In 2011 the global smartphone market for both medical and health apps was worth US$718 million and it is estimated by research2guidance that in 2012 that market was worth US$1.3 billion. The US Food and Drug Administration expects there will be 500 million smartphone users downloading healthcare-related apps worldwide by 2015.
Despite this substantial growth, the market has likely got a long way to develop yet. This seems especially the case in relation to medical apps in Australia, as we are yet to see a medical app registered or approved as a medical device on the Australian Register of Therapeutic Goods (ARTG).
By way of contrast, in the US there are approximately 75 ‘mobile medical apps’ that have received clearance from the FDA under section 510(k) of the Federal Food Drug and Cosmetic Act.
Medical apps have the potential to risk public health where they are used for diagnostic and treatment purposes. For this reason, regulatory bodies oversee the safety and effectiveness of medical apps.
In Australia, the TGA’s medical device regulatory framework provides for the regulation of medical device software, so a medical app with a therapeutic purpose would be held to the same level of scrutiny as other medical devices.
This would cover any app that is intended to be used for the:
- Diagnosis, prevention, monitoring, treatment or alleviation of disease;
- Diagnosis, monitoring, treatment, alleviation of an injury or disability;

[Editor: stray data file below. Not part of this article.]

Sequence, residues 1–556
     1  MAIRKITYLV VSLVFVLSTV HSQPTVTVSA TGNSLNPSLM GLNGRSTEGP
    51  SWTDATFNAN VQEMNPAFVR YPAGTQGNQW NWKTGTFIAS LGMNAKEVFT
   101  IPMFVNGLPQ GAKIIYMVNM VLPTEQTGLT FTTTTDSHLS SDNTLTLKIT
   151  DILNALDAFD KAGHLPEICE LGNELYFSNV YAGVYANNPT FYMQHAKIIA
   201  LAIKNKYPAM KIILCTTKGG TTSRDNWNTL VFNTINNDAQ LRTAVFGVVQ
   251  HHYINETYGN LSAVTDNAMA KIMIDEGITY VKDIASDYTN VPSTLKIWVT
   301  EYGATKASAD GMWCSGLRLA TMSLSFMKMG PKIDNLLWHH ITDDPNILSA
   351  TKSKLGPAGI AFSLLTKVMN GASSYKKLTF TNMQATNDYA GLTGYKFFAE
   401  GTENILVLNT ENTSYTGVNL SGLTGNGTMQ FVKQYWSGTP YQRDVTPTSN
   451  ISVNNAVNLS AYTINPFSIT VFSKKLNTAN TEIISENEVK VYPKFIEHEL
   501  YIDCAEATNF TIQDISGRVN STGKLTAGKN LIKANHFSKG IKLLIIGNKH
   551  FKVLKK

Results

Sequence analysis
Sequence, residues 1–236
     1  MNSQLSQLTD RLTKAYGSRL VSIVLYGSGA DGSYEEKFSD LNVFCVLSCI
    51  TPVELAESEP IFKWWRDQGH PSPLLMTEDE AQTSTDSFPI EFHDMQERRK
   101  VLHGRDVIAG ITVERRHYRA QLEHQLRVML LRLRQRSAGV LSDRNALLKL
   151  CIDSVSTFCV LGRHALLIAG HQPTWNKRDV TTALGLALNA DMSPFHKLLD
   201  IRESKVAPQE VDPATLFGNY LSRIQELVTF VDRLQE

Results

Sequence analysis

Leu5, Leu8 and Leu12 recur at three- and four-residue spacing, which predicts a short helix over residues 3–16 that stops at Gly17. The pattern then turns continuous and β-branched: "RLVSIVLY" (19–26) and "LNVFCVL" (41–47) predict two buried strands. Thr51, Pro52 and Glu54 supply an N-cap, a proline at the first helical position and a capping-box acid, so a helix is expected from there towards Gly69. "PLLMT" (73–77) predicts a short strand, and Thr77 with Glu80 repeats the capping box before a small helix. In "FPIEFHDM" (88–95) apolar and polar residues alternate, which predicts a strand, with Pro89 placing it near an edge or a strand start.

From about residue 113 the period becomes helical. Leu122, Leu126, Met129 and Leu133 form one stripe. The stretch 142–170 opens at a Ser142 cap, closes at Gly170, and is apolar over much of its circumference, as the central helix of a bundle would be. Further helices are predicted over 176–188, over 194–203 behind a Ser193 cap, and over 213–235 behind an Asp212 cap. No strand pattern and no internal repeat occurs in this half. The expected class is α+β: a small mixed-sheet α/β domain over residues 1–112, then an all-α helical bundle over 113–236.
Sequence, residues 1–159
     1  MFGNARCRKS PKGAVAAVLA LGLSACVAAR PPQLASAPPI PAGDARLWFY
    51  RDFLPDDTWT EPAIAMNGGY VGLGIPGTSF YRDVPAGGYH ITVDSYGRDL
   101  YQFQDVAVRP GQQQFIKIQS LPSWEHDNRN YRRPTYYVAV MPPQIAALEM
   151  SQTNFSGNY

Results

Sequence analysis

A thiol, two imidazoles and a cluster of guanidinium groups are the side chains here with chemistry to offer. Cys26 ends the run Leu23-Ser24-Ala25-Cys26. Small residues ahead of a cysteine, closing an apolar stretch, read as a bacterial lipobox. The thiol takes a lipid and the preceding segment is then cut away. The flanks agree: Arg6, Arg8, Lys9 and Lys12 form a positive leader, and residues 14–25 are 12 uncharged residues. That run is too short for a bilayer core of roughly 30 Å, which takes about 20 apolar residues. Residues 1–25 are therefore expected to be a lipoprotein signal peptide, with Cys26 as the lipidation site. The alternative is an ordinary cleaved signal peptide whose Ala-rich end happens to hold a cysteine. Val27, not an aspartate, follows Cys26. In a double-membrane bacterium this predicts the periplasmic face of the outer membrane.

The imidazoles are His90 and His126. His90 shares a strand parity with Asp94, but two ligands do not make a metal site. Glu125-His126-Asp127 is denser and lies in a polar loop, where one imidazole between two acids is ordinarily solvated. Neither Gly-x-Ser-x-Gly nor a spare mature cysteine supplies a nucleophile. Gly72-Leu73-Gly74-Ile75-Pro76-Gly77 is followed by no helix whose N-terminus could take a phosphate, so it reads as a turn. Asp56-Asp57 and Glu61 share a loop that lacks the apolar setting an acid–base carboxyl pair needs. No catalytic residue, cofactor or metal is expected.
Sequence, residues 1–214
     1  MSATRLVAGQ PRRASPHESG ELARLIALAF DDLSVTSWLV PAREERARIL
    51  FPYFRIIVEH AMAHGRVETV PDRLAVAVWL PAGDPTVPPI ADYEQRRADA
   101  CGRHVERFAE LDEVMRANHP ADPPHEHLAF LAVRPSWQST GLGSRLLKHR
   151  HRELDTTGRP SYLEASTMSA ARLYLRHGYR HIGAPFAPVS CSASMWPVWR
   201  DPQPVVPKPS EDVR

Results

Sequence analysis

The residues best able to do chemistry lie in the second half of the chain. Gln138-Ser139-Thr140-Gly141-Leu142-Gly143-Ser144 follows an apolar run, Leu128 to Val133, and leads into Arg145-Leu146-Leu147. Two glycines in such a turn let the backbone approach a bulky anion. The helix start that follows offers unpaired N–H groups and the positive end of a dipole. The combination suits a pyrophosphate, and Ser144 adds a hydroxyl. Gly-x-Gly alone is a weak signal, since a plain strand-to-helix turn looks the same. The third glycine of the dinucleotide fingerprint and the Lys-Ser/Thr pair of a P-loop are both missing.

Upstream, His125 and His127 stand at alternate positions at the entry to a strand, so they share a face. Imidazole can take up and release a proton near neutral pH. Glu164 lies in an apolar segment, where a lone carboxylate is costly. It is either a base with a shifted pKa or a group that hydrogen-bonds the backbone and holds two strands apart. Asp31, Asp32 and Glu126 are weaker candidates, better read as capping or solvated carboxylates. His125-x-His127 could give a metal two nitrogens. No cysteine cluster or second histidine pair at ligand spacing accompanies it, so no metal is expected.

- Investigation, replacement or modification of the anatomy or of a physiological process; or
- Control of conception.
In the US, the FDA is in the process of forming a specific policy to better regulate mobile medical apps. Once this is settled, Australian policy may take guidance from it and follow suit.
Developing and marketing smartphone health or medical apps
In Australia, any development of health or medical apps must be carried out with regard to four key areas: regulatory compliance, intellectual property, privacy and data collection, and marketing claims.
When developing the app, consideration needs to be given to:
- Compliance with the medical device standards in the Therapeutic Goods Act 1989 (Cth) and the Therapeutic Goods Advertising Code;
- The name and branding of the app;
- Copyright ownership in the app’s underlying software code;
- The patentability of the app;
- The protection of the ideas underpinning the app prior to and during development;
- Data security;